Beyond α-synuclein and tau, other exosome-associated factors may be used for biomarker development. As described earlier, urinary exosomes where also shown to have increased levels of Ser(P)-1292 LRRK2 in sporadic PD that correlated with the severity of cognitive impairment and difficultly in accomplishing activities of daily living [42]. Our unbiased mass spectrometry indicates that certain exosomal protein cargoes such as syntenin 1 are increased in PD [54]. Similarly, RNA profiling suggests that certain miRNAs are differentially enriched in PD serum-derived exosomes [55]. These differences may account for our observation that when added to stressed primary neurons, serum PD-derived exosomes had a paradoxically beneficial effect compared to controls [54]. These studies provide a first glimpse of what may emerge to be a multitude of circulating exosome subpopulations in PD with distinct properties reflecting an active signaling process between the degenerating brain and other systems. It is worth noting that in general the total number or size of exosomes is not increased in the serum [54] or CSF [29] of PD patients when compared to controls. This is also the case in other neurodegenerative diseases e.g. AD [56], even though one study reported a possible correlation between exosome number and cognitive decline in a small group of PD patients [57].


The realization that endosomal trafficking is a critical pathway in PD provided a scientific rationale for the relevance of exosome biology to the disease pathogenesis (Fig. 1). Exosomal release of α-synuclein accounts for less than 2% of total extracellular α-synuclein but a detailed understanding of how it is packaged into exosomes for release may be fundamentally linked to cellular defense against toxic forms of this protein or non-cell autonomous mechanisms of disease progression. In this context, accurate measurements of its content in CSF or the systemic circulation may signify more advanced stages of pathology and provide the urgently needed prognostic biomarker. Therefore, improved multiplexed assays with high sensitivity [58] combined with antibodies against pathogenic or modified forms of α-synuclein, tau or LRRK2 in exosomes may improve their utility in PD stratification. On the other end, exosomes generated outside the brain may also convey trophic signals to the degenerating neurons or exert toxic effects due to persistent immune activation. Whether there is a specific marker of a “PD exosome” or multiple subpolulations of EV that are differentially activated in PD remains to be seen. Therefore more unbiased analyses of the composition of exosome subpopulations in CSF and plasma or serum are needed to fully exploit their potential as biomarkers. In addition, functional studies of their effects in cellular and animal models could help to better define their role in the pathobiology of PD.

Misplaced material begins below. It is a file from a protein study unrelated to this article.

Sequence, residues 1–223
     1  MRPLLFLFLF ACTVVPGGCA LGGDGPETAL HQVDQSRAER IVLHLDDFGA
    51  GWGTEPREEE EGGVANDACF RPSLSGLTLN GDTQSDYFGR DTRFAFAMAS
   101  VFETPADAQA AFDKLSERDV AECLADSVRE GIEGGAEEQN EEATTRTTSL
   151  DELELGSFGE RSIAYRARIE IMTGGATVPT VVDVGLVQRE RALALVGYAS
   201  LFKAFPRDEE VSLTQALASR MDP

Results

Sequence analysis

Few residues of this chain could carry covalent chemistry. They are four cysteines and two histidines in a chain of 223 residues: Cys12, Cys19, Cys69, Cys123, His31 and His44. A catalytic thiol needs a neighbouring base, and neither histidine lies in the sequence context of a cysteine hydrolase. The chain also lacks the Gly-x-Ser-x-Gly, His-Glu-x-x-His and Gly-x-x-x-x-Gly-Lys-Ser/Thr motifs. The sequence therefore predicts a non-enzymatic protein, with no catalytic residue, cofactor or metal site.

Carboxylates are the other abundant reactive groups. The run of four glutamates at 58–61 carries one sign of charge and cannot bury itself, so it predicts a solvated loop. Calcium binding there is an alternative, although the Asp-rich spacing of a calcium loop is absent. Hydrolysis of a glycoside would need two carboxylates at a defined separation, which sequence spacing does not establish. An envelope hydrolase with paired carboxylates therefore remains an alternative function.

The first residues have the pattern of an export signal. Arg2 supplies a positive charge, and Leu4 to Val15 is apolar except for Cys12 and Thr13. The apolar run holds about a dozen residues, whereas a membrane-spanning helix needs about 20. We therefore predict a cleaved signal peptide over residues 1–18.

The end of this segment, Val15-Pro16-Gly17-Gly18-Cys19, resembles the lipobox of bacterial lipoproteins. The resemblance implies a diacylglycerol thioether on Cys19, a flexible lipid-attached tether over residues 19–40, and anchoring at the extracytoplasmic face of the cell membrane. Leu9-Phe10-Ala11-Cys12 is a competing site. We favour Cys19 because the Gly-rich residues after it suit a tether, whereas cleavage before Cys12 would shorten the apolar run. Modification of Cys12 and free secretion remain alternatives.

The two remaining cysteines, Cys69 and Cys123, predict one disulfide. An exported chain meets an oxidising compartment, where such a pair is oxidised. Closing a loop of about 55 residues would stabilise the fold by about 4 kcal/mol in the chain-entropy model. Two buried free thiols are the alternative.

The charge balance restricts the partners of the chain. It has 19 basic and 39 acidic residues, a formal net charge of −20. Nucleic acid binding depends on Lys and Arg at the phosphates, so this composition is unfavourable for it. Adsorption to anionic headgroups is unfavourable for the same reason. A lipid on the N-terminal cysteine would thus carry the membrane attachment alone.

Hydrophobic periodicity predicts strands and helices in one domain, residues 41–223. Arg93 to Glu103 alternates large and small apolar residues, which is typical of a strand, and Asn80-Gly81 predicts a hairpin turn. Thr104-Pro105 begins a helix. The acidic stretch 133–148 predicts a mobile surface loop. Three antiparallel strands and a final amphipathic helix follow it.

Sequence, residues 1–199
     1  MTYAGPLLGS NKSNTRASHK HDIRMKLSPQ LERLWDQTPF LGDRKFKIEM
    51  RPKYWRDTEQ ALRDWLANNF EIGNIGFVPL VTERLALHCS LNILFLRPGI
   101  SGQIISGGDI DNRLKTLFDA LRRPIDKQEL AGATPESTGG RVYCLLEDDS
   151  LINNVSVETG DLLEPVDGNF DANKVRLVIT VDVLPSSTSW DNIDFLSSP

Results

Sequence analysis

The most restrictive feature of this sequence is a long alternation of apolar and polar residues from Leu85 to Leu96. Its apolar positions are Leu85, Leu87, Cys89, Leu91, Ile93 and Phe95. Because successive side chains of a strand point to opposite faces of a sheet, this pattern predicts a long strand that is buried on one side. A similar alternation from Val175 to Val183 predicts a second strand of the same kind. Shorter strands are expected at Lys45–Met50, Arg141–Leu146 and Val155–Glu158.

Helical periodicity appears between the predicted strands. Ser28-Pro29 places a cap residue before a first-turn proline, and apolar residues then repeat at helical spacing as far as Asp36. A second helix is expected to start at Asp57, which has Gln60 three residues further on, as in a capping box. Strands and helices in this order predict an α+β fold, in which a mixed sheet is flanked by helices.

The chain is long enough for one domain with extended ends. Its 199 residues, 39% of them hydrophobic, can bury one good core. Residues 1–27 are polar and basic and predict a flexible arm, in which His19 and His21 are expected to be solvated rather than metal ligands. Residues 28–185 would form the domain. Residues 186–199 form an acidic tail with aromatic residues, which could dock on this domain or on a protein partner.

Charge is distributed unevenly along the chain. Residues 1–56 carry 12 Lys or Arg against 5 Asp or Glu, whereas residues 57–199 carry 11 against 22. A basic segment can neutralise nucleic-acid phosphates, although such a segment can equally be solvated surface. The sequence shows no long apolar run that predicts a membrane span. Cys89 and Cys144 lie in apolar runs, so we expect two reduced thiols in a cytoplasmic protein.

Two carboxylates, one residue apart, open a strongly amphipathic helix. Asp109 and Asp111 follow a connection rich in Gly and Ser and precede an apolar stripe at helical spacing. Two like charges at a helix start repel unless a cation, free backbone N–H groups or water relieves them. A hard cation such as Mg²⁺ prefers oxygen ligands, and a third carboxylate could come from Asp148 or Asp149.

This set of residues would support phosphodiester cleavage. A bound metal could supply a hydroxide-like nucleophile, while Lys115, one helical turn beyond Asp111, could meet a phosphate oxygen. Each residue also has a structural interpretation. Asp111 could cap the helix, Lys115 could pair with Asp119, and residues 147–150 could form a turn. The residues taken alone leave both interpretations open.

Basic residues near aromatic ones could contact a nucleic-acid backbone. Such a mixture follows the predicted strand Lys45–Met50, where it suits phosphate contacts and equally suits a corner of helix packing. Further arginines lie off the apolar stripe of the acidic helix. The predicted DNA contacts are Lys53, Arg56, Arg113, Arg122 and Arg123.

Exosome signaling in Parkinson’s disease pathobiology. Exosomes are generated within the multivesicular bodies (MVB) of the endosomal-lysosomal pathway. Genes that are implicated in familial forms of PD such as VPS35, LRRK2, ATP13A2 and Parkin, function in this pathway as shown in the diagram. Heterozygous mutations in GBA that increase the risk of PD by 6-fold impair lysosomal function. LRRK2 regulates this pathway at multiple steps through its kinase activity and is also an exosomal cargo protein (shown in green). α-Synuclein (red) misfolding is considered a key pathogenic event in sporadic PD. α-Synuclein is trafficked via the endosomal pathway by NEDD4/USP8 regulated ubiquitination (Ub) or sumoylation (SUMO) and released in exosomes. Exosomal α-synuclein, LRRK2 or other proteins may contribute to PD pathology by modulating microglial cell activation, facilitating the propagation of proteopathic α-synuclein assemblies or additional signaling events.

Exosome signaling in Parkinson’s disease pathobiology. Exosomes are generated within the multivesicular bodies (MVB) of the endosomal-lysosomal pathway. Genes that are implicated in familial forms of PD such as VPS35, LRRK2, ATP13A2 and Parkin, function in this pathway as shown in the diagram. Heterozygous mutations in GBA that increase the risk of PD by 6-fold impair lysosomal function. LRRK2 regulates this pathway at multiple steps through its kinase activity and is also an exosomal cargo protein (shown in green). α-Synuclein (red) misfolding is considered a key pathogenic event in sporadic PD. α-Synuclein is trafficked via the endosomal pathway by NEDD4/USP8 regulated ubiquitination (Ub) or sumoylation (SUMO) and released in exosomes. Exosomal α-synuclein, LRRK2 or other proteins may contribute to PD pathology by modulating microglial cell activation, facilitating the propagation of proteopathic α-synuclein assemblies or additional signaling events.


The author has no conflict of interest to report.


GKT is funded by a Wellcome Trust Intermediate Clinical Fellowship (097479/Z/11/Z) and the Wellcome Beit Prize fellowship (097479/Z/11/A), European Union’s Horizon 2020 research and innovation programme under grant agreement No. 116060 (IMPRiND), ARUK, BMA, the Oxford Biomedical Research Centre and EPSRC (EP/M006204/1). The opinion expressed and arguments employed herein do not necessarily reflect the official views of these funding bodies.